Three hurt as bomb hits Hezbollah convoy in Lebanon

BEIRUT Tue Jul 16, 2013 11:37am EDT

Lebanese Army soldiers on their armoured carriers secure the site of a roadside bomb attack on a highway linking the town of Majdal Anjar to the Masnaa border crossing near the Lebanese-Syrian border July 16, 2013. REUTERS/Stringer

Lebanese Army soldiers on their armoured carriers secure the site of a roadside bomb attack on a highway linking the town of Majdal Anjar to the Masnaa border crossing near the Lebanese-Syrian border July 16, 2013.

Credit: Reuters/Stringer

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BEIRUT (Reuters) - A convoy carrying members of Hezbollah was hit by a roadside bomb near the Lebanese-Syrian border on Tuesday, wounding three of its officials in the third attack on the Shi'ite militant group since May, security sources said.

The injured men were Hezbollah security officials travelling in a convoy of two vehicles heading towards Syria. A barrage of gunfire hit the convoy after the blast, security sources said.

It was not immediately clear who was behind the attack, but Syrian Sunni rebel groups have threatened to strike Hezbollah in Lebanon following the group's military intervention in Syria on the side of President Bashar al-Assad.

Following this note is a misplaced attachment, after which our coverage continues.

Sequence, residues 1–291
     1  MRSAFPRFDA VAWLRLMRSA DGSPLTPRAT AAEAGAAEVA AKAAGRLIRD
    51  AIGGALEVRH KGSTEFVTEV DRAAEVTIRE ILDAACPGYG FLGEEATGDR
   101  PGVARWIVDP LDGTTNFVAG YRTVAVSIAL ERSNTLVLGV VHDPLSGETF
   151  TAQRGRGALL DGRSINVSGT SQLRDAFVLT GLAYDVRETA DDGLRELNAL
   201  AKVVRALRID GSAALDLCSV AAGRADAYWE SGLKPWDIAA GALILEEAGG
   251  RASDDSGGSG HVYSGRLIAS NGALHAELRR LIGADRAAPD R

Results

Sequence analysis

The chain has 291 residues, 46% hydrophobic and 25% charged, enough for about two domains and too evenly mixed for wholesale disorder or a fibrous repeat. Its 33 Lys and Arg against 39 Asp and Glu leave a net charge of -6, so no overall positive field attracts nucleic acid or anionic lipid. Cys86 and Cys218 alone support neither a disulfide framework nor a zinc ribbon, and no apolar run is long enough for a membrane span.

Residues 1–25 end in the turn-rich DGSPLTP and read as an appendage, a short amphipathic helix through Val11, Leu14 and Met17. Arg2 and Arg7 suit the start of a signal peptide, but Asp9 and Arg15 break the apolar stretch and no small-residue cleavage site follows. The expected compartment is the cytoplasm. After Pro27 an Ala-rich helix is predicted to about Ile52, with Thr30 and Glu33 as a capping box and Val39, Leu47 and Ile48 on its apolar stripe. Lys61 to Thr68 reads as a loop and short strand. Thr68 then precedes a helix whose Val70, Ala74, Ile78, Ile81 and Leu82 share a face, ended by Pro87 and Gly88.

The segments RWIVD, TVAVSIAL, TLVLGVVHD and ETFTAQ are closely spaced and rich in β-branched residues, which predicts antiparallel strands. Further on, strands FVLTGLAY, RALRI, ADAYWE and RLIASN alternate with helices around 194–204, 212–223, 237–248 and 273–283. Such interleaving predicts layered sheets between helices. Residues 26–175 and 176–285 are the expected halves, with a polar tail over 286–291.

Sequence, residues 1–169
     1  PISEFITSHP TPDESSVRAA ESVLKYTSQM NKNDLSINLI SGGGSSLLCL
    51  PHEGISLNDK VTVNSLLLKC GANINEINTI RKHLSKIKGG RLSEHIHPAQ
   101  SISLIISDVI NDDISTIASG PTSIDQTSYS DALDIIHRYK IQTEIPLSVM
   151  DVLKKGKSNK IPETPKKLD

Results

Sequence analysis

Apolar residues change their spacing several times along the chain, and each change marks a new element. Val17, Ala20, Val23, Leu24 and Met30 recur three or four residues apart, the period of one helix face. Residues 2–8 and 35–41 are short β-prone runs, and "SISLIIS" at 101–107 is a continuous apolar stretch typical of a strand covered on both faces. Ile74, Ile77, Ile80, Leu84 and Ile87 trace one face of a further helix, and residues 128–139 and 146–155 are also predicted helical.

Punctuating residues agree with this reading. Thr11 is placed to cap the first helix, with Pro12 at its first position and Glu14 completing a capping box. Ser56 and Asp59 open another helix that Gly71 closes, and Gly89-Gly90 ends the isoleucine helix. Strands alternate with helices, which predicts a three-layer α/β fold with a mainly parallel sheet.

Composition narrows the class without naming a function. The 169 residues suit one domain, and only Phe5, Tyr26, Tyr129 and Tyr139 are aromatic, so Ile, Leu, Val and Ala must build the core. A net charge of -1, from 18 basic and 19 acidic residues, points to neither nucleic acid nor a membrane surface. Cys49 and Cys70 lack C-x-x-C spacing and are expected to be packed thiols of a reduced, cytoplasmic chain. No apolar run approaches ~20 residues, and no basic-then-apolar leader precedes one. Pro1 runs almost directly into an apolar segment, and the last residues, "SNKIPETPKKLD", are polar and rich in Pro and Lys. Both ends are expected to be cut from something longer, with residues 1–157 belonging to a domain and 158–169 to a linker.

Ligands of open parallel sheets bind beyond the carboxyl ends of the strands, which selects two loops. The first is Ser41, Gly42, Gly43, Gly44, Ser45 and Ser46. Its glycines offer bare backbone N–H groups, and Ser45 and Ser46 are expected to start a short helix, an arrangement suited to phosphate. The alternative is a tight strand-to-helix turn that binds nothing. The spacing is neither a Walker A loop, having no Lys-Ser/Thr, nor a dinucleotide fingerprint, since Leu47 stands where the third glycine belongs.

The attack comes a week after a car bomb injured more than 50 people in a southern Beirut suburb controlled by Hezbollah, one of the most powerful political and military forces in Lebanon. In late May, rockets were fired at a Hezbollah area of southern Beirut.

Pictures from the scene showed black smoke rising from the targeted cars. The windscreen of one of the vehicles had several bullet holes.

A truck driver who witnessed the attack said he heard an explosion and the Hezbollah vehicle, a GMC sport utility vehicle, slowed to a halt.

Three or four gunmen arrived in another car and started firing at the GMC. "Then they got back in their car and fled," the driver said.

Several small roadside bombs have been set off near the Syrian border crossing in recent months.

Lebanon, which fought its own 15-year civil war, is struggling to stay on the sidelines of its larger neighbor's bloody conflict. Car bombs and sporadic clashes between groups supporting opposite sides of Syria's war have become increasingly common.

(Reporting by Erika Solomon; Editing by Giles Elgood)

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